The participants included Blaine Aldrich of Comfort Service Inc., Paul Martines of Quality Air Heating & Air Conditioning, and Tom McGuire Jr. of Flair Air Conditioning & Heating. The contractors agreed that most of their business comes from service work and very little in new construction, unless they are working on special custom homes for their special customers.
The first thing on their minds was how the current economy has driven normal installing contractors into the service business and how that has affected the job pricing structure. “Some of these people have the new construction mentality and don’t know how to price a job,” said McGuire. “These guys are just turning dollars - staying alive from week to week.”
Martines agreed. “I’ve lost a few jobs because the pricing was way out of whack,” he said. “On a recent $35,000 bid, some guy came in $8,000 less than me. What am I going to do? This is busy work for some of them right now, but you know it isn’t going to last.”
Aldrich said that some of these contractors should have prepared themselves for an inevitable slowdown, but they didn’t. “These guys were living the high life and not investing in their future,” he said. “They had to have the cars and the boats. And they were too busy working in their business instead of on their business.”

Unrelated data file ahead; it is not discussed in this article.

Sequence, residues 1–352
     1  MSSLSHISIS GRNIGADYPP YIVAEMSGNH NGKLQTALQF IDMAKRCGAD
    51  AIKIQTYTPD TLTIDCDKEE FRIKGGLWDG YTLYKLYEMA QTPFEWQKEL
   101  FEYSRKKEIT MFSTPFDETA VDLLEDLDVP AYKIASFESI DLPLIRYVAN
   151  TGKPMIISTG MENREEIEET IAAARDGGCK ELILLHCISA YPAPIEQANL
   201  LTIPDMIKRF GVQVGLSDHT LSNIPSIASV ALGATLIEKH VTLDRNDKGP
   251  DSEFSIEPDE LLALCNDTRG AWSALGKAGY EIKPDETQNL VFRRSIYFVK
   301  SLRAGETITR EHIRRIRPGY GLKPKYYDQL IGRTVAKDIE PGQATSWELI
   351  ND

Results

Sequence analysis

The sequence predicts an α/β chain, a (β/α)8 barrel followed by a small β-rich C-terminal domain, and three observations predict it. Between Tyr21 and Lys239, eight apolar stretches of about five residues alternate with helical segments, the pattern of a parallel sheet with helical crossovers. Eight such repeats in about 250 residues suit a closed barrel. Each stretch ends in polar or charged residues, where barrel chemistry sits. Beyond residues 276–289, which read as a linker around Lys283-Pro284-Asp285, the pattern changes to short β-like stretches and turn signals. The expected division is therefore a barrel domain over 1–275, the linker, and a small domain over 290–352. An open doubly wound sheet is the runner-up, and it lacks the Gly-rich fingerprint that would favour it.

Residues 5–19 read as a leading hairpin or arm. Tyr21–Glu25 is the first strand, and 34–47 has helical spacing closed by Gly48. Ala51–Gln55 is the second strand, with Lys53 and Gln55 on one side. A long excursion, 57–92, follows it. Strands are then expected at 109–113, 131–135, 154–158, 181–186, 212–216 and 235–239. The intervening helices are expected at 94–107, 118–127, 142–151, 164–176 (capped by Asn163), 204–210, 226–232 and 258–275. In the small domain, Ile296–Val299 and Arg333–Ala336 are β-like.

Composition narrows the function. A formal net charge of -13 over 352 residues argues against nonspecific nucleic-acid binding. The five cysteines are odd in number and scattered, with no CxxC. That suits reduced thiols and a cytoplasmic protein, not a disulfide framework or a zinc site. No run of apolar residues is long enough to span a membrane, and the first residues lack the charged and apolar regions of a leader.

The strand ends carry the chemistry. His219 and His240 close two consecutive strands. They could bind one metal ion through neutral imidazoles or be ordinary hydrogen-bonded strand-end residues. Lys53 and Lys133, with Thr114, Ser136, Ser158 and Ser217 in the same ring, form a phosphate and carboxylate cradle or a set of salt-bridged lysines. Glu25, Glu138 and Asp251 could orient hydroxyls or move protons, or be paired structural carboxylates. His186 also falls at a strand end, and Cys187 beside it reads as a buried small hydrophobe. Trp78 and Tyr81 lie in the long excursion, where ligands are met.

Martines said there is an upside to the slow economy. “It should clean up the gene pool or smaller shops,” he said.
Luckily for these Daytona Beach contractors, the Florida weather usually takes precedence over the economy. “Temperatures are very important here,” said Aldrich. “If it is over 85 degrees during the day and 75 degrees at night, we will be busy despite the economy.”
McGuire agreed, adding, “In Florida, people don’t want to wait for a repair or replacement. If they need a new unit, you better have it that day or they will go somewhere else.”
He said the slowdown in new construction has also had a ripple effect on the inspection process. “Florida building codes are getting stricter, and since there is no new construction for the inspectors to work on, they are going over everything else we do with a fine tooth comb,” McGuire said.
But Aldrich said the same old problem exists now as before. “We are still losing jobs to people who don’t pull permits for their work,” he said. “Pulling permits is a time-consuming thing. Add in the fact that some inspectors don’t show up when they are supposed to and the customers get even more pissed off. They have to take time off of work to be there for the inspection.”
Customers are finding it more difficult to navigate the 13 SEER energy-efficiency requirements and Florida codes require that indoor coils have to match the condensing units or the entire system has to be replaced. “So what do you tell a customer who needs a whole new system rather than just a new condensing unit?” asked Aldrich.
McGuire brought up the issue of extended warranties and how they are “killing the service business.” “It used to be just the 5-10 year warranties,” he said. “But now manufacturers are coming out with 12-year warranties.”
Like other parts of the United States, these local contractors are finding that customers are becoming more educated on new technologies, especially those that affect the green movement. McGuire pointed out that Florida is leading the way in changing from R-22 refrigerant to the newer, environmentally friendly R-410A.